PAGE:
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Mecklenburg job market shows strength in May / July 03, 2018

In May, Mecklenburg County added 145 new jobs to its economy while the unemployment rate held steady at 4.2 percent, according to the latest round of numbers released by the Virginia Employment Commission this week.

In April 2018, the size of the county’s labor force stood at 11,967 and the number of employed workers was 11,466. By May, the civilian labor force climbed to 12,118 — an additional 151 workers — and the number of jobs rose to 11,611, each a positive indicator of the health of the local economy.

This is also the second straight month that Mecklenburg’s unemployment rate of 4.2 percent bested the five-year average for Virginia, which stands at 4.6 percent.

Since January 2018, the employment picture in Mecklenburg County has continued to improve as 200 workers re-entered or joined the labor force. Since the beginning of the year, 398 new jobs have been added, and the number of unemployment claims has fallen from 687 in January to 507 in May.

While there have been a few backsliding moments, for the most part the Mecklenburg County economy is approaching its 17th month of recovery. This is reflected in the unemployment rate, which was 6.4 percent in January 2017, but dropped to 4.2 percent by April and held steady in May. These numbers have not been seen since before Burlington Industries and Russell Stover Candies closed the doors of their Clarksville plants.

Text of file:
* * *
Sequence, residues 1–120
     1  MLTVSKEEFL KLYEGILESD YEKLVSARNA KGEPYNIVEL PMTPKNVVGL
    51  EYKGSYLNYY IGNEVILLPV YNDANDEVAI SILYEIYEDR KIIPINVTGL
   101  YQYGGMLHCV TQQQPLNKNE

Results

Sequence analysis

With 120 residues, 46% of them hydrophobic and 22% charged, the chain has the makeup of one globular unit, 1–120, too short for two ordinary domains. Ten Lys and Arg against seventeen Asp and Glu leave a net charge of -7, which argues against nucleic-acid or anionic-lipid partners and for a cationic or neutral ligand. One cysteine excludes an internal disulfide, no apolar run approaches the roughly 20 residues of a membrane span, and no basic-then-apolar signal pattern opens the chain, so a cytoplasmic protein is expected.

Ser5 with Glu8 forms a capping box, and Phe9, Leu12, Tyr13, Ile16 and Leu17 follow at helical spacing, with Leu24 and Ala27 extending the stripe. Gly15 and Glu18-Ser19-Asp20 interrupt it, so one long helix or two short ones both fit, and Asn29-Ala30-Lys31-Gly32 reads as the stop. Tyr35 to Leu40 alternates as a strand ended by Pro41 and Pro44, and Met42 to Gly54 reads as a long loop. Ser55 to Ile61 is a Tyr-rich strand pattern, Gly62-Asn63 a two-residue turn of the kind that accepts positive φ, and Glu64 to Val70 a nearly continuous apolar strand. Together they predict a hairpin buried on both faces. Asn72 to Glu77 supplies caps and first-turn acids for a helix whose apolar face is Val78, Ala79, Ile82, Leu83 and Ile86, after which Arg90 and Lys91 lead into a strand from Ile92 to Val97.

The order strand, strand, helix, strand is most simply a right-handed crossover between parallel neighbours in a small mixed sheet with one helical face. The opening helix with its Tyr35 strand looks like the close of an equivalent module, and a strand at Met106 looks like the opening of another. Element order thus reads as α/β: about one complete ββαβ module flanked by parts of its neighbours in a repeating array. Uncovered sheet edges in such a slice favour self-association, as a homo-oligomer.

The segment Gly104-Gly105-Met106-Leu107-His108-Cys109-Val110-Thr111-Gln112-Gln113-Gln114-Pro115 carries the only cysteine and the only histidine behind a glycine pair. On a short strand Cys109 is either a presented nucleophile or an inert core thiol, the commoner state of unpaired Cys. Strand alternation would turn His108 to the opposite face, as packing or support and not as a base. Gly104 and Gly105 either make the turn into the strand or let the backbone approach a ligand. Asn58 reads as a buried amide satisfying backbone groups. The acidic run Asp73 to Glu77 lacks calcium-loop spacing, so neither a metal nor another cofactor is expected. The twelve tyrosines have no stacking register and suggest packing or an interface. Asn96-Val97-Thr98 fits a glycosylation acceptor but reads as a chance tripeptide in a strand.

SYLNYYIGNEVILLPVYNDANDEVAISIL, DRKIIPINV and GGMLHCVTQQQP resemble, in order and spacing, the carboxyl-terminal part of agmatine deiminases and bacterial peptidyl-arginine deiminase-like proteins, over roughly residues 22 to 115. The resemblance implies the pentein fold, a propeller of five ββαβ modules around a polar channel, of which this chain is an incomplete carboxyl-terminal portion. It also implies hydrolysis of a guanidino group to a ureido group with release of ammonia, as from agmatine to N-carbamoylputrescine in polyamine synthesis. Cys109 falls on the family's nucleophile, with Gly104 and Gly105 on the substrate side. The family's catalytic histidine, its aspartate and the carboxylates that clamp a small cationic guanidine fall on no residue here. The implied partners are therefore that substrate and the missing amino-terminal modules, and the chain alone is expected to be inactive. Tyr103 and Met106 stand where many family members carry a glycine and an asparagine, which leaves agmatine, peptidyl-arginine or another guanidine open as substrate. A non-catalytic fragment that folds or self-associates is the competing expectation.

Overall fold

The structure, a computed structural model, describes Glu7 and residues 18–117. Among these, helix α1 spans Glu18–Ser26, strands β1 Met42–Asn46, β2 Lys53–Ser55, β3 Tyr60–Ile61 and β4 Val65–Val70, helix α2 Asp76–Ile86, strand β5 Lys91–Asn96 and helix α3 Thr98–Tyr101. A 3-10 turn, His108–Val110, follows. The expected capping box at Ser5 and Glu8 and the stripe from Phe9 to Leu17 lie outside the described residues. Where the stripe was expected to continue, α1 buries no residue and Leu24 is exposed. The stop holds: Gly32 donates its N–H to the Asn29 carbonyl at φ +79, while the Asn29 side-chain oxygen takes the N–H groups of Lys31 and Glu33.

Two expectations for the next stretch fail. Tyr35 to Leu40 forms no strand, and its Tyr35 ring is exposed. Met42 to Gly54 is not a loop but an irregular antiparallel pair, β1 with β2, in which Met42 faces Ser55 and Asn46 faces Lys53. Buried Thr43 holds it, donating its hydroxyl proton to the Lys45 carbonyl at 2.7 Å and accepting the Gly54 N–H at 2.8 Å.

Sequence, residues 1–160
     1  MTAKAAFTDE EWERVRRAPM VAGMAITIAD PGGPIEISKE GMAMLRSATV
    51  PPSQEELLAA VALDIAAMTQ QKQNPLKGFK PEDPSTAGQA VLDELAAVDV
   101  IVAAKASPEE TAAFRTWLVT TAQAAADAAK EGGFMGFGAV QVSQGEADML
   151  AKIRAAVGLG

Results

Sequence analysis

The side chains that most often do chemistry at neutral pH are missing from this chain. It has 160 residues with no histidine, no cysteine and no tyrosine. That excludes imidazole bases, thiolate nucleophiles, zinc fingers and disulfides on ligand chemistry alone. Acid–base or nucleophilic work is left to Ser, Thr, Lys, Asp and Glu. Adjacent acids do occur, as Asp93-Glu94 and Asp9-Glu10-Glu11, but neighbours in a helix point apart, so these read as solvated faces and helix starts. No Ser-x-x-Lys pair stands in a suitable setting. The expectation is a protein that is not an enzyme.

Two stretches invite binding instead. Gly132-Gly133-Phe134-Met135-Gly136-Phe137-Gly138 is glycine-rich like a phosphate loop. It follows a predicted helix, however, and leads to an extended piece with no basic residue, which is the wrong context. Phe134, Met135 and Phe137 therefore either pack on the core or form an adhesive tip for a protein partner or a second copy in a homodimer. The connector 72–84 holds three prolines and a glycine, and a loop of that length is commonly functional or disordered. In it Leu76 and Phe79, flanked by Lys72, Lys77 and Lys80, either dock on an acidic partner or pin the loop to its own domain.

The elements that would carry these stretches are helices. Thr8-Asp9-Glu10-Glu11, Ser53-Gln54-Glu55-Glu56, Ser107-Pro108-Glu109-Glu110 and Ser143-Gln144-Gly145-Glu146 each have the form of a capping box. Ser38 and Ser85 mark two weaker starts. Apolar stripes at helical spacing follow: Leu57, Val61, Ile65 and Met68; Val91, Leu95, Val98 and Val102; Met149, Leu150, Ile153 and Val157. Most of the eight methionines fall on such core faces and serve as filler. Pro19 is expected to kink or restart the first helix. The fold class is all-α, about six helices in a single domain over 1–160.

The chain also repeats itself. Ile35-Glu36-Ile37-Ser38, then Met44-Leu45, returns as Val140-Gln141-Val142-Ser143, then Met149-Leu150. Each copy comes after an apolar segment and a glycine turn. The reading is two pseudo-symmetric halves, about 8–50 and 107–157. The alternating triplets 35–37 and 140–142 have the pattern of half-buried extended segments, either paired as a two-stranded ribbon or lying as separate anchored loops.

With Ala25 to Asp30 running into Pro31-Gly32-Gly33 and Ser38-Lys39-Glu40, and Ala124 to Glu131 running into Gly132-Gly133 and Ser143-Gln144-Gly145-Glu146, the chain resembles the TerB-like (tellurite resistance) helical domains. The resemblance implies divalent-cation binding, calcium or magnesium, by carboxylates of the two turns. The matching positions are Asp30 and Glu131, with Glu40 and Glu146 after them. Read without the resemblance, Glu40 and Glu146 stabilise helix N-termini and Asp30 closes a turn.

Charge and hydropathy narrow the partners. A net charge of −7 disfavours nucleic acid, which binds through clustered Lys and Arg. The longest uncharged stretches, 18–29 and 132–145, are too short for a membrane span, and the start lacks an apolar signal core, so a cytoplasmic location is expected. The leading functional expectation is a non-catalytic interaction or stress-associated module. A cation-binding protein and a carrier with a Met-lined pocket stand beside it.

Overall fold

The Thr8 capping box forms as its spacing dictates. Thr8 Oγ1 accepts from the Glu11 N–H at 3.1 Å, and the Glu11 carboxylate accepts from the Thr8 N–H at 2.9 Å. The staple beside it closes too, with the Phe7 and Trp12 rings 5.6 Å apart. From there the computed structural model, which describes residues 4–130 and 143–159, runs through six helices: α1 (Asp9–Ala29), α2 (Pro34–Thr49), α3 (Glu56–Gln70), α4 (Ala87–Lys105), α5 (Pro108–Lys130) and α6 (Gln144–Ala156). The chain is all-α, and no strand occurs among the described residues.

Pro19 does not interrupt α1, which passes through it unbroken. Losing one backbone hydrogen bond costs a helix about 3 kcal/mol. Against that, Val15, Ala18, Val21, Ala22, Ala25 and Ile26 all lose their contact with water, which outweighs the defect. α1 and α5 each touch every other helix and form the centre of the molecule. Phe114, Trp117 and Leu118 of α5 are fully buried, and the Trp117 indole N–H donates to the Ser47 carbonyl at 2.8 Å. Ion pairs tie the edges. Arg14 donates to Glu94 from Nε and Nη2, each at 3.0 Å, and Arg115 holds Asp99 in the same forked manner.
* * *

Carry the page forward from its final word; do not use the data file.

The candy factory shut down at the end of 2001 and Burlington Industries followed five years later in 2006. However, the first wave of job losses for workers at Burlington Industries began in early 2002 when the textile giant ceased wool-combing operations in Clarksville.

The latest data also reflect a recovery after Stage Stores uprooted its corporate offices in South Hill at the end of 2017.

The May labor numbers paint a brighter employment picture across Southside Virginia. In nearby Halifax County, the unemployment rate dropped to 3.8 percent from 4.0 percent in May, and in Brunswick County, the jobless rate slid from 4.8 percent in April to 4.7 percent in May.

Lunenburg County was the only neighboring county to see an uptick in its employment rate. It went from 3.2 percent in April to 3.3 percent in May.

Elsewhere in the region:

Unemployment in Charlotte County held steady at 3.4 percent for the second straight month.

In Pittsylvania County, the jobless rate was 3.6 percent in May, down from 4.0 percent in April. The City of Danville saw its jobless rate slide from 6.2 percent in April to 5.4 percent in May.

In Virginia, the unemployment rate was 2.9 percent, compared to the national rate of 3.6 percent. Virginia, which had been ranked among the top ten states with the lowest jobless rates — it was number 6 in April, tied with Idaho, Nebraska, South Carolina and Tennessee — fell to number 13 in the national rankings for the month of May.

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